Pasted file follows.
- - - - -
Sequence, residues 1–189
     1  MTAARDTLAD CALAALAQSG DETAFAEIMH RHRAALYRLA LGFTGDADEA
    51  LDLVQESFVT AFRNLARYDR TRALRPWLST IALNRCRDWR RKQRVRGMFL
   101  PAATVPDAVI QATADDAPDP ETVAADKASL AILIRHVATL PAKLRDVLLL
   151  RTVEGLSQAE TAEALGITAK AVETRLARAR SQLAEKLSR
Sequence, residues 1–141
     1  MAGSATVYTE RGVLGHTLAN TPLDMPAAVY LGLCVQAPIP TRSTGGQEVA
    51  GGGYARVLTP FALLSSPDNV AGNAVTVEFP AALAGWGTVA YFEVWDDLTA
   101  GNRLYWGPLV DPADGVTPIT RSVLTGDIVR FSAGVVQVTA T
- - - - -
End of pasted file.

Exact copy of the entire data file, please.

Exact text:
Sequence, residues 1–189
     1  MTAARDTLAD CALAALAQSG DETAFAEIMH RHRAALYRLA LGFTGDADEA
    51  LDLVQESFVT AFRNLARYDR TRALRPWLST IALNRCRDWR RKQRVRGMFL
   101  PAATVPDAVI QATADDAPDP ETVAADKASL AILIRHVATL PAKLRDVLLL
   151  RTVEGLSQAE TAEALGITAK AVETRLARAR SQLAEKLSR
Sequence, residues 1–141
     1  MAGSATVYTE RGVLGHTLAN TPLDMPAAVY LGLCVQAPIP TRSTGGQEVA
    51  GGGYARVLTP FALLSSPDNV AGNAVTVEFP AALAGWGTVA YFEVWDDLTA
   101  GNRLYWGPLV DPADGVTPIT RSVLTGDIVR FSAGVVQVTA T